Allianz Tops the Euro 100 in Volatile Markets
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Allianz Tops the Euro 100 in Volatile Markets

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Allianz Group, the giant German insurer, remains on top of the Euro 100 as European fund managers look to tailored indexes and total-return strategies to steer clients through volatile markets.

Recent times have not been easy for European investment managers. The credit crunch that followed the collapse of Lehman Brothers Holdings three years ago dealt a blow to the use of standard benchmarks. After all, why target an index if even outperformance can produce negative returns.

More recently, the euro zone debt crisis and related worries about debt levels in the U.S. have thrown into doubt, if not permanently tarnished, the decades-old received wisdom that rich-­country government bonds are ultrasafe. And equities have problems of their own. The prolonged weakness of Western economies has sparked fears of a Japan-like rut that could produce low, or nonexistent, growth for a generation. Such a possibility casts a long shadow over the once-­prevailing view that stocks will, if granted enough time, deliver decent returns.

With some of the canons of traditional investing lying in tatters, money managers and their clients have been forced to think in a profoundly different way about how to deliver satisfactory performance.

“Given there’s so much uncertainty out there, there’s been a huge resurgence in either tailoring your benchmark or moving more to total return,” says Liz Ward, head of Europe at UBS Global Asset Management in ­London. “The majority of new mandates we’ve seen this year includes total-­return investing. That will probably continue. Similarly, for benchmark-­based investing, the lion’s share of new mandates is now against tailored indexes.”

Today’s challenging environment is reflected in the Euro 100, Institutional Investor’s annual ranking of the region’s largest money managers. In times past managers could usually count on a rising tide to lift all boats. But in the current volatile climate, performance can vary widely. Total assets of the Euro 100 stood at €17.5 trillion ($24.3 trillion) at the end of June, up a modest 3.6 percent from December 2009, a measure of the low returns prevalent across many markets. The performance of individual managers varied significantly, though.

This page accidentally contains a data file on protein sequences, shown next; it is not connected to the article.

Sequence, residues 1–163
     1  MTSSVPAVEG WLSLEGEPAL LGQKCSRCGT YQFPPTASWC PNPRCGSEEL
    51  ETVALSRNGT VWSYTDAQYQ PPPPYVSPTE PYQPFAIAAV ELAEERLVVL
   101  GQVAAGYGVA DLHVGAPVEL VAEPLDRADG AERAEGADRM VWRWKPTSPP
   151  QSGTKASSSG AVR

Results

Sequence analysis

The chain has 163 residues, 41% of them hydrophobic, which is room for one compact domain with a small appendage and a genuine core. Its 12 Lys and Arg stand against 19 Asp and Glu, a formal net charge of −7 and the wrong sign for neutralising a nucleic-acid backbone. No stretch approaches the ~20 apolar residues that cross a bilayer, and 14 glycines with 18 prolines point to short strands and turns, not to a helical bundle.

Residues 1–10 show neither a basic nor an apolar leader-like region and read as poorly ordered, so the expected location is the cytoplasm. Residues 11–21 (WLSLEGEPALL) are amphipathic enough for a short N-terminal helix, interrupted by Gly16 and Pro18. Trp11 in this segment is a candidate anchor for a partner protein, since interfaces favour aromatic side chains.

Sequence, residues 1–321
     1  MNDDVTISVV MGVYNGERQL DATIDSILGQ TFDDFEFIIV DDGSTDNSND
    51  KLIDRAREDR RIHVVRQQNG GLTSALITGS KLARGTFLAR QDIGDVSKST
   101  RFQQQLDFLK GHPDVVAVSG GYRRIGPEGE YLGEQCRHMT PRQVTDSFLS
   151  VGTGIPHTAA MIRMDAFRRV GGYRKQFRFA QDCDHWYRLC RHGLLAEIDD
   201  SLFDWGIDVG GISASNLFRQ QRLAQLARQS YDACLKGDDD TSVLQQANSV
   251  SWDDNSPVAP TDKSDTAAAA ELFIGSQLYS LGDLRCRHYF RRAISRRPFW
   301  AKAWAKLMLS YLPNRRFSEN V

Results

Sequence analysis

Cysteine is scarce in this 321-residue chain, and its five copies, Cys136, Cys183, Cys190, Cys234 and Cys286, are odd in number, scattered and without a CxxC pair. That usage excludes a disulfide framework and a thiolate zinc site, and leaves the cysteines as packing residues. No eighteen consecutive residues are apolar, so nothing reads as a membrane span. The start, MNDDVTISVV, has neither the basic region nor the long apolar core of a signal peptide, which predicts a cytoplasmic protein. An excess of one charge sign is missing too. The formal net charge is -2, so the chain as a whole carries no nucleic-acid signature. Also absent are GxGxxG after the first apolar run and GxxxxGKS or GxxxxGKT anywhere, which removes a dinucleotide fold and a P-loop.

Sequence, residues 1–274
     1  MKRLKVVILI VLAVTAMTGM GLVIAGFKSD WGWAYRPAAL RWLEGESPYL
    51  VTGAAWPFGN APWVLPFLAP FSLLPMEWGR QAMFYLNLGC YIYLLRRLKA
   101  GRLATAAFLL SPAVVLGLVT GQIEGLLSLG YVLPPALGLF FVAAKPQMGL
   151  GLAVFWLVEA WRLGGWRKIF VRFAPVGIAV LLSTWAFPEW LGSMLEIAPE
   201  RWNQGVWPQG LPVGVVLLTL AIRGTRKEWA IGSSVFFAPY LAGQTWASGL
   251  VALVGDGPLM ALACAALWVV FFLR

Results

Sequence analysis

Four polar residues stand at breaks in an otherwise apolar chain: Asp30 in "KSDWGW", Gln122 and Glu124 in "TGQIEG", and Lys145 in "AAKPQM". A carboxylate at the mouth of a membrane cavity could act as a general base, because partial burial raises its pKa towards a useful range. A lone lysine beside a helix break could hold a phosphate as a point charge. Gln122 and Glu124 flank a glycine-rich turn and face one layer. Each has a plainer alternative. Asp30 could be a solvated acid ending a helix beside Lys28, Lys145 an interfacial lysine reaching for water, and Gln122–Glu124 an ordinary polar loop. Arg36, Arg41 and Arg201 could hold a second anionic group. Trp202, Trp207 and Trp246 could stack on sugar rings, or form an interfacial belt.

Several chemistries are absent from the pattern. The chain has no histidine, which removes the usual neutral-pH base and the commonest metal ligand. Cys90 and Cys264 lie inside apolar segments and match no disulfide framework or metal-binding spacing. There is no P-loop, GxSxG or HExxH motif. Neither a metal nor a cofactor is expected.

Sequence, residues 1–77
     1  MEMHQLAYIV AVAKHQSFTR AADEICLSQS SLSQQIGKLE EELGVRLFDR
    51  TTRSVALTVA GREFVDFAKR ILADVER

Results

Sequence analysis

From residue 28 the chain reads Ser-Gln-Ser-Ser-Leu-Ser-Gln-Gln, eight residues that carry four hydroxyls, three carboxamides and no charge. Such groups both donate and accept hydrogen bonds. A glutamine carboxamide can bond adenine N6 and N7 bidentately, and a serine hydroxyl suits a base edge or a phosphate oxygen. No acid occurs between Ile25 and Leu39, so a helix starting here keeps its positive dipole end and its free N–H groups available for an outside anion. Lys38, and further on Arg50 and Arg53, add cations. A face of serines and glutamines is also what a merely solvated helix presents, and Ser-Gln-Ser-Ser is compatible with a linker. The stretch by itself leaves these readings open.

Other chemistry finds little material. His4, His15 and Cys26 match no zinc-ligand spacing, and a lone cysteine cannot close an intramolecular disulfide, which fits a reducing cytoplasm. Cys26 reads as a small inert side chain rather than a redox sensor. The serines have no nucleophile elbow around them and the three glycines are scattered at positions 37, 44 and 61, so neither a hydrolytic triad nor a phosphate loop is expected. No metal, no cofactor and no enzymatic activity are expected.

Allianz Group, the giant German insurer, remains on top of the list, with €1.69 trillion in assets, up 19 percent from the previous ranking. France’s AXA rises one place, to second, although its assets edged up just 1.5 percent, to €1.05 trillion. Switzerland’s UBS slips one place, to third, even though its assets rose 14.7 percent, to €703 billion. (The bank’s figures represent only discretionary assets, unlike previous years, when they included advisory assets.) France’s Amundi Group is in fourth place, with €691.9 billion, up 3.3 percent; and New York–based ­BlackRock rounds out the top five, with €643.6 billion in assets, up 12.6 percent.

All of these institutions are grappling with the loss of credibility of benchmark-­based investing. Before the crisis more investment mandates were pegged to various standards — ranging from national indexes like Germany’s DAX 30 to regional and global indexes offered by the likes of MSCI to their equivalents in the fixed-­income world — than to any other strategy. But crisis-­driven losses have burned investors and sent managers scrambling to devise ­alternatives.

At M&G Investments, the fund management arm of Britain’s Prudential insurance group, pension fund clients are increasingly looking at the bottom line. “In the last several years, we’ve seen a lot more mandates which have been much more focused on delivering absolute returns,” says Simon Pilcher, a member of the board of M&G and head of fixed income. “It’s become a more common principle that we’re investing actual dollars and actual pounds to pay actual pensions rather than relative dollars and relative pounds to pay relative pensions.” Prudential’s actual and relative standings show good progress in the Euro 100. The company rises three places, to No. 11, after an 18.7 percent rise in assets, to €387 billion.

Fund managers say an increasingly common target for new mandates is to achieve a total return of cash (effectively, bank deposit rates) plus 4 percent, or 3 percentage points above a client’s domestic inflation rate.

Charles Prideaux, head of institutional investing for Europe, the Middle East and Africa at BlackRock in London, says one common way for pension funds to achieve a positive total return is to start off with fixed-­income assets that can provide a reliable return that matches predicted liabilities, and then add on some higher-­return, higher-­volatility assets such as equities. The equities should be from companies with high dividend yields backed by strong dividend cover. ­Prideaux says ­BlackRock looks for “companies with a good track record of being able to grow their earnings dividends persistently in a variety of different economic circumstances. They’re not just reliant on cyclical economic growth.”